Milton State Park is an 82-acre island on the West Branch Susquehanna River, between the boroughs of Milton and West Milton. The northern half of the park has day use facilities and the southern half remains in a wooded state for hiking and nature study.
The park is open from dawn to dusk, year-round.
(Note: Many places fill to capacity on busy, nice weather days, especially holiday weekends. Please call ahead or visit the official website to get the most up-to-date information before visiting.)
There are no fees associated with Milton State Park.
Picnicking: There are picnic tables, drinking water, charcoal grills and restrooms.
Recreation Fields: Soccer fields are popular attractions for local clubs and the public.
Boating: unlimited hp motors permitted. A boat launch is on the east side of the island. River elevations vary with the seasons and generally are not deep enough for large watercraft.
Complete information on boating rules and regulations in Pennsylvania is available from the Pennsylvania Fish and Boat Commission Web site.
Fishing: The Susquehanna River has warm water and cold water fishing. Common species are smallmouth bass, panfish and catfish. Complete information on fishing rules and regulations in Pennsylvania is available from the Pennsylvania Fish and Boat Commission Web site.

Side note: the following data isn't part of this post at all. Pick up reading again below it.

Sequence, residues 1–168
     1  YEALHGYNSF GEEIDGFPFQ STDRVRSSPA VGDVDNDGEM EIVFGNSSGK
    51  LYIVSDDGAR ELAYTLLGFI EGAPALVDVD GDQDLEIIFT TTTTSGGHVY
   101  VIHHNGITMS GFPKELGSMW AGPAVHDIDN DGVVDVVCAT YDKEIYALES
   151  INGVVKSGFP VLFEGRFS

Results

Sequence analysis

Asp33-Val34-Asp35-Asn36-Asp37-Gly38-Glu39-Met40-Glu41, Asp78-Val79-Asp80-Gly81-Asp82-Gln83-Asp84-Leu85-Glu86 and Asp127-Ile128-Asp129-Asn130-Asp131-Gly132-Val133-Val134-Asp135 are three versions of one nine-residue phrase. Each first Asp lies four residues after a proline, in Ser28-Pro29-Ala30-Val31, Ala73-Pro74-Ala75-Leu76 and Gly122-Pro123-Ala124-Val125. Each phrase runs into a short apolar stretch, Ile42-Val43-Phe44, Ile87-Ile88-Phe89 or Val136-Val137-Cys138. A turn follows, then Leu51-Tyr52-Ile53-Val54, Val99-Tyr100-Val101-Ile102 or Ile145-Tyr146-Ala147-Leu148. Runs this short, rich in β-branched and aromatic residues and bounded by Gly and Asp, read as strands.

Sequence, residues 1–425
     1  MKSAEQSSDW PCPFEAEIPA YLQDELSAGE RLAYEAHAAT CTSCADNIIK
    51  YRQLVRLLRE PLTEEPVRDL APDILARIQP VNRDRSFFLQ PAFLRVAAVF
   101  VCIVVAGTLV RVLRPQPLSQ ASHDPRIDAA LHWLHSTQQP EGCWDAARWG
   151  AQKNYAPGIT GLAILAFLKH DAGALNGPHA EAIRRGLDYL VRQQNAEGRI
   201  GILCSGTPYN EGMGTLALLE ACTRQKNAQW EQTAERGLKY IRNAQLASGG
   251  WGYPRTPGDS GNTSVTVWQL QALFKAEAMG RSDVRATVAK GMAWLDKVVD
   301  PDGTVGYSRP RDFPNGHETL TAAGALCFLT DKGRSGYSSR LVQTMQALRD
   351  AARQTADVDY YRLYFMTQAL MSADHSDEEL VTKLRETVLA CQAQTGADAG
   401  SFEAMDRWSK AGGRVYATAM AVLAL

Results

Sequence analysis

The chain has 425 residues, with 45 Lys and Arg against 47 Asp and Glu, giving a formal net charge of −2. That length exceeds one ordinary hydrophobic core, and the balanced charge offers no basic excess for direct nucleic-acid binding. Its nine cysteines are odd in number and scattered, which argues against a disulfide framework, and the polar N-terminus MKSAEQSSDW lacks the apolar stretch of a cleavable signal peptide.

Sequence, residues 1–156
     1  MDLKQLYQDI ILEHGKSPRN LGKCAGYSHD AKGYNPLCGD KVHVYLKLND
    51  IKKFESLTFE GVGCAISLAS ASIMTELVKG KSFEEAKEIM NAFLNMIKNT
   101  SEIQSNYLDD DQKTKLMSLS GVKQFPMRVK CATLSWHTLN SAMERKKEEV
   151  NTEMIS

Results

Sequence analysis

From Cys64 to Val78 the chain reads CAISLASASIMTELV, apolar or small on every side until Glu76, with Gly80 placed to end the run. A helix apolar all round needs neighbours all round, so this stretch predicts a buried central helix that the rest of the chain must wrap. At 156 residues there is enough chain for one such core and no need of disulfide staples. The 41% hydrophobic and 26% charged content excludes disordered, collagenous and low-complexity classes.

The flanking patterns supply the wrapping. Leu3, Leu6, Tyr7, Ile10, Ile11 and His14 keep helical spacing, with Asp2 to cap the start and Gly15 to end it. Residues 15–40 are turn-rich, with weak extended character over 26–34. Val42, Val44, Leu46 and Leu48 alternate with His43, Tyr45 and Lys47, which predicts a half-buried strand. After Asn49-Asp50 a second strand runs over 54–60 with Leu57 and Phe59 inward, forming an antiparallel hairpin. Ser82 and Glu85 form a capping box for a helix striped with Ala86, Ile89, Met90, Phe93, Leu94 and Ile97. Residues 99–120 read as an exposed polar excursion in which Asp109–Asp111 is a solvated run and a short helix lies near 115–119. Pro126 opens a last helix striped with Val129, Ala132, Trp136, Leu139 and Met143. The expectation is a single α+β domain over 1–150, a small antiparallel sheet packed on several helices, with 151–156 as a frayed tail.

Hiking: 3.5 miles of trails explore the riverine habitats of the south side of the river island.
In 1762, Marcus Huling Jr. claimed the big island, which eventually came to be called Montgomery Island. Within a decade, he planted an apple orchard. At this time, this part of the state was claimed by Pennsylvania and Connecticut.
Eventually the land came to be controlled by the Straub Brothers, who in 1824 built a dam across part of the river and erected a sawmill and gristmill. The brothers won the contract to build a bridge across the river between the three islands.
The mills eventually became unprofitable and the island was only used as farmland. Floods continually washed away parts of the bridge, which were rebuilt. By the early 1900s, farming ceased and there were now two islands, one of the smaller islands having joined the big island, making it even larger.
The island was subdivided to many owners and part became athletic fields. The Milton Rotary Club worked to consolidate the deeds to one title for Milton Borough, who then transferred the title to the Commonwealth of Pennsylvania in 1966.
The floodwaters of Hurricane Agnes completely covered the island in 1972. Federal relief money helped rebuild the facilities. In 1987, PA 624 was relocated across the island, providing a new boat launch and transferring the final piece of property to state park control.